Gotham” begins its second season 15 years in the future, with Batman swooping down to beat the stuffing out of a couple of thugs. Kidding! Of course, Bruce Wayne (David Mazouz) is still just a kid, albeit one who appears to be growing up quite rapidly, meaning the series continues to engage in a not-so-delicate dance to advance its mythological ties to the DC Comics universe while maintaining its pulpy tone. To their credit, the producers have found inventive if sometimes crazily violent ways to pluck those strings, while creating an arc to this season tellingly subtitled “Rise of the Villains.”

Once again, the criminals appear to be having all the fun, and a new one arrives to preside over the festivities: Theo Galavan, a shadowy character played by the always-reliable James Frain, whose direct connection to Batman lore remains a mystery. Without giving too much away, Galavan stages a breakout from Arkham Asylum, unleashing a group of psychopaths that includes Jerome (Cameron Monaghan), whose manic behavior certainly has Joker-like overtones. (The producers have been coy about the connection between the two.)

Meanwhile, Jim Gordon (Ben McKenzie) keeps fighting the good fight – and getting the bejesus kicked out of him in the process – on a police force surrounded by venality and corruption. That will force both him and Bruce Wayne to engage in overt moral choices in the this season’s first three installments, weighing whether they can serve the larger good by doing bad things or allying themselves with nasty people.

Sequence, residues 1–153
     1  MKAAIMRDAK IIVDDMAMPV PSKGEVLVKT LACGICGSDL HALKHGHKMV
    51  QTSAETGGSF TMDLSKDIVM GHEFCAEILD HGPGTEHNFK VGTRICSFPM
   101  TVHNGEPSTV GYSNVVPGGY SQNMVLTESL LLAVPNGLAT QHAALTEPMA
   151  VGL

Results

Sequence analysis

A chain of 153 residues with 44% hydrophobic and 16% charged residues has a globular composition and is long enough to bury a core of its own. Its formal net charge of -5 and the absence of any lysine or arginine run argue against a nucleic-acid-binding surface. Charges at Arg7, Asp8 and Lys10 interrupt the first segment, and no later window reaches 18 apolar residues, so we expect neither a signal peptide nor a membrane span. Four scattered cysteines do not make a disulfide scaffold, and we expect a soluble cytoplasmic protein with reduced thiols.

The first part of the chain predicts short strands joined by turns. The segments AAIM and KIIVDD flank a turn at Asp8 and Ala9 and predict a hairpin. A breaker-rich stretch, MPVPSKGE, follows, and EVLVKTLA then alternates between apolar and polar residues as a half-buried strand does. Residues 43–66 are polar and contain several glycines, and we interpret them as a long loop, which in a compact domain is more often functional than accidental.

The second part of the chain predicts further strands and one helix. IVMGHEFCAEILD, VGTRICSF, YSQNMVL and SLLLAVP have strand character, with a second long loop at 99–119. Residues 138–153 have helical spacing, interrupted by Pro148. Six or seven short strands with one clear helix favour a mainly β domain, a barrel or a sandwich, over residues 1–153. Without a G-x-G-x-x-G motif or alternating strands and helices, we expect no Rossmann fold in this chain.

Given that “Gotham” has created an organic, broodingly atmospheric world that can only be peripherally connected to its highest-profile character, producers Bruno Heller and Danny Cannon (who wrote and directed the premiere, respectively) have overcome a formidable challenge. For starters, the collective brain trust did a terrific job casting the show, including the key roles of Penguin (Robin Lord Taylor) and Edward Nygma ((Cory Michael Smith), a.k.a. the Riddler.

Moreover, they have shrewdly introduced new characters, and happily shed Jada Pinkett Smith’s over-the-top crime boss. Not only is Frain a strong new addition to the ensemble, but he follows Morena Baccarin, who came aboard as a love interest for Gordon during season one. The episodes also build in strength, with the third — showcasing, among other things, the bond between Bruce and his loyal butler Alfred (Sean Pertwee) — the best of the bunch.

That said, the arm’s-distance relationship between the series and the Dark Knight that Bruce will eventually become is occasionally frustrating, and the sometimes-cavalier nature of the violence (which includes tossing folks off a building and menacing a bus full of cheerleaders in the second hour, and a knife plunged through the eye in the third) might not be gratuitous but certainly values human life awfully cheap.

Granted, Galavan warns that “Monsters are coming,” and “Gotham” does its best to illustrate the depths of that villainy, creating the environmental conditions that eventually lead to the development of a costumed vigilante. “You can’t have both happiness and the truth,” Bruce is told in the second episode, a line that nicely foreshadows the darkness, and loneliness, of his inevitable path.

Thus far, “Gotham” has nimbly operated within the space allotted it, and found a solid audience – one that goes beyond just comic-book aficionados, which, before the show landed, was a legitimate source of concern – within those parameters. (Speaking of comics, DC aficionados had better get a DVR before late October, when CBS’ “Supergirl” lands in the same time slot.)

As noted, the timeline allows the producers plenty of room to operate before young Master Bruce can shave, much less don a cape and cowl; nevertheless, managing those elements without ever hearing the word “Batman” still looks like the sort of death-defying balancing act worthy of a future boy sidekick.